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Antarctic climate variability on regional and continental scales over the last 2000 years

Citation

Stenni, B and Curran, MAJ and Abram, NJ and Orsi, A and Goursaud, S and Masson-Delmotte, V and Neukom, R and Goosse, H and Divine, D and van Ommen, T and Steig, EJ and Dixon, DA and Thomas, ER and Bertler, NAN and Isaksson, E and Ekaykin, A and Werner, M and Frezzotti, M, Antarctic climate variability on regional and continental scales over the last 2000 years, Climate of the Past, 13, (11) pp. 1609-1634. ISSN 1814-9324 (2017) [Refereed Article]


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© Author(s) 2017. Licensed under Creative Commons Attribution 3.0 Unported (CC BY 3.0) http://creativecommons.org/licenses/by/3.0/

DOI: doi:10.5194/cp-13-1609-2017

Abstract

Climate trends in the Antarctic region remain poorly characterized, owing to the brevity and scarcity of direct climate observations and the large magnitude of interannual to decadal-scale climate variability. Here, within the framework of the PAGES Antarctica2k working group, we build an enlarged database of ice core water stable isotope records from Antarctica, consisting of 112 records. We produce both unweighted and weighted isotopic (δ18O) composites and temperature reconstructions since 0 CE, binned at 5- and 10-year resolution, for seven climatically distinct regions covering the Antarctic continent. Following earlier work of the Antarctica2k working group, we also produce composites and reconstructions for the broader regions of East Antarctica, West Antarctica and the whole continent. We use three methods for our temperature reconstructions: (i) a temperature scaling based on the δ18O–temperature relationship output from an ECHAM5-wiso model simulation nudged to ERA-Interim atmospheric reanalyses from 1979 to 2013, and adjusted for the West Antarctic Ice Sheet region to borehole temperature data, (ii) a temperature scaling of the isotopic normalized anomalies to the variance of the regional reanalysis temperature and (iii) a composite-plus-scaling approach used in a previous continent-scale reconstruction of Antarctic temperature since 1 CE but applied to the new Antarctic ice core database. Our new reconstructions confirm a significant cooling trend from 0 to 1900 CE across all Antarctic regions where records extend back into the 1st millennium, with the exception of the Wilkes Land coast and Weddell Sea coast regions. Within this long-term cooling trend from 0 to 1900 CE, we find that the warmest period occurs between 300 and 1000 CE, and the coldest interval occurs from 1200 to 1900 CE. Since 1900 CE, significant warming trends are identified for the West Antarctic Ice Sheet, the Dronning Maud Land coast and the Antarctic Peninsula regions, and these trends are robust across the distribution of records that contribute to the unweighted isotopic composites and also significant in the weighted temperature reconstructions. Only for the Antarctic Peninsula is this most recent century-scale trend unusual in the context of natural variability over the last 2000 years. However, projected warming of the Antarctic continent during the 21st century may soon see significant and unusual warming develop across other parts of the Antarctic continent. The extended Antarctica2k ice core isotope database developed by this working group opens up many avenues for developing a deeper understanding of the response of Antarctic climate to natural and anthropogenic climate forcings. The first long-term quantification of regional climate in Antarctica presented herein is a basis for data–model comparison and assessments of past, present and future driving factors of Antarctic climate.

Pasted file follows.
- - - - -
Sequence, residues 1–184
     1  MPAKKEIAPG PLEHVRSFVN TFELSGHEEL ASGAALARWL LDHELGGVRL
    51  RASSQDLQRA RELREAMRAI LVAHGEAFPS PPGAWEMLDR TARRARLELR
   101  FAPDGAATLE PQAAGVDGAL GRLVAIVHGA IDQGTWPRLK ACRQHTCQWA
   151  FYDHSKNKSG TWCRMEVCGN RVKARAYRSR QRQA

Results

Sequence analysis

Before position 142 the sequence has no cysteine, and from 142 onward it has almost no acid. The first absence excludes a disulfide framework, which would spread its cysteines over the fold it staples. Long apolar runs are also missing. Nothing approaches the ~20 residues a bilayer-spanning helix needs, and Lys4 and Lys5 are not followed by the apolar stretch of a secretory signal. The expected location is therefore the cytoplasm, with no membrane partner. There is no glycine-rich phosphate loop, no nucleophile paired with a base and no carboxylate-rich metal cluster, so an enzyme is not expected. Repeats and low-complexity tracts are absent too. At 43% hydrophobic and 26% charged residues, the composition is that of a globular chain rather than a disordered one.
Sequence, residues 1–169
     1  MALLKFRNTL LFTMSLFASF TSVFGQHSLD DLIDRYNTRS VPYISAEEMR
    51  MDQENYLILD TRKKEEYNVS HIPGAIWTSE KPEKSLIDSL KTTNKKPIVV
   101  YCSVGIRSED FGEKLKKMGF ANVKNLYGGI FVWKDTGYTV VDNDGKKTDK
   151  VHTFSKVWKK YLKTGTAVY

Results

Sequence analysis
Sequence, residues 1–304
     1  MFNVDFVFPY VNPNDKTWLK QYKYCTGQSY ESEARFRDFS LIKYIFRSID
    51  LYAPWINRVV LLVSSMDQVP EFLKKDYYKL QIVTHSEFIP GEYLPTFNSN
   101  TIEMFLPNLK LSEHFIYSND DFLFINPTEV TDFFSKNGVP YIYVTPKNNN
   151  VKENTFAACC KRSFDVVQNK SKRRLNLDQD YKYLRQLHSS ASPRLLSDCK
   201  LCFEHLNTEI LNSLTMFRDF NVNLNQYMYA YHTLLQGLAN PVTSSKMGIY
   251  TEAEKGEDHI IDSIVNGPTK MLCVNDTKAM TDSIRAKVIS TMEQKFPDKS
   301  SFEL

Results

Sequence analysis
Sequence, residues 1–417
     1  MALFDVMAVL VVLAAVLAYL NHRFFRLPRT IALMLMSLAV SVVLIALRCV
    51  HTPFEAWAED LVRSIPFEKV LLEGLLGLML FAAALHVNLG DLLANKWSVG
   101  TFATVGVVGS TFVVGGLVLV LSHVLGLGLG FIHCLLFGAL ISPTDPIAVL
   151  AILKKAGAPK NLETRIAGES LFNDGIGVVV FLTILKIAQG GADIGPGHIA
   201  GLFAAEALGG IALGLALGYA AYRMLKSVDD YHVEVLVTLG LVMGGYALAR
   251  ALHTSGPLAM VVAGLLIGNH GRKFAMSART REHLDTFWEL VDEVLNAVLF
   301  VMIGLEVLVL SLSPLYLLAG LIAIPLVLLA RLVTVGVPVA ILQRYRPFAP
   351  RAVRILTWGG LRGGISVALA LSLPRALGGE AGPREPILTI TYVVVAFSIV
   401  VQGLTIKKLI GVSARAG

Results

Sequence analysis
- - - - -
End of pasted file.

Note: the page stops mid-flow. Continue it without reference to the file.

Item Details

Item Type:Refereed Article
Keywords:climate variation, database, ice core, paleoclimate, quantitative analysis, reconstruction, regional climate simulation, stable isotope
Research Division:Earth Sciences
Research Group:Atmospheric Sciences
Research Field:Climate Change Processes
Objective Division:Environment
Objective Group:Climate and Climate Change
Objective Field:Effects of Climate Change and Variability on Antarctic and Sub-Antarctic Environments (excl. Social Impacts)
Author:Curran, MAJ (Dr Mark Curran)
Author:van Ommen, T (Dr Tas van Ommen)
ID Code:124004
Year Published:2017
Web of Science® Times Cited:7
Deposited By:CRC-Antarctic Climate & Ecosystems
Deposited On:2018-02-06
Last Modified:2018-04-23
Downloads:2 View Download Statistics

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